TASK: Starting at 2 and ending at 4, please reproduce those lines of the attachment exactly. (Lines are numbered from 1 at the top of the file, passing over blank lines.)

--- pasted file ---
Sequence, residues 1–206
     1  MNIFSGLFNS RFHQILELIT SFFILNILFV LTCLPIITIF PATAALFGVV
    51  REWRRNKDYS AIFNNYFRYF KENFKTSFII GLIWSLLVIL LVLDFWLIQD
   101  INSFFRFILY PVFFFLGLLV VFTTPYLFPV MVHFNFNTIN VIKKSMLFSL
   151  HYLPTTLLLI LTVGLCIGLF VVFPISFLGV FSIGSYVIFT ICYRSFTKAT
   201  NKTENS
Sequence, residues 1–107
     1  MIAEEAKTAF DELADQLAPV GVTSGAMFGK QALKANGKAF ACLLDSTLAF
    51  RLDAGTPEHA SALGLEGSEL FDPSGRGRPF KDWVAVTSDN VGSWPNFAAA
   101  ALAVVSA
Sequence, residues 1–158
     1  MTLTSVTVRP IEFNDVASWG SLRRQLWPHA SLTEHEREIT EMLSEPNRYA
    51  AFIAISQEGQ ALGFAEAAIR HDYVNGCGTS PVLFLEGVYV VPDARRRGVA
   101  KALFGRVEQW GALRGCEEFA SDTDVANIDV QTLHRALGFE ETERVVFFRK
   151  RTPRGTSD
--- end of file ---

     1  MNIFSGLFNS RFHQILELIT SFFILNILFV LTCLPIITIF PATAALFGVV
    51  REWRRNKDYS AIFNNYFRYF KENFKTSFII GLIWSLLVIL LVLDFWLIQD
   101  INSFFRFILY PVFFFLGLLV VFTTPYLFPV MVHFNFNTIN VIKKSMLFSL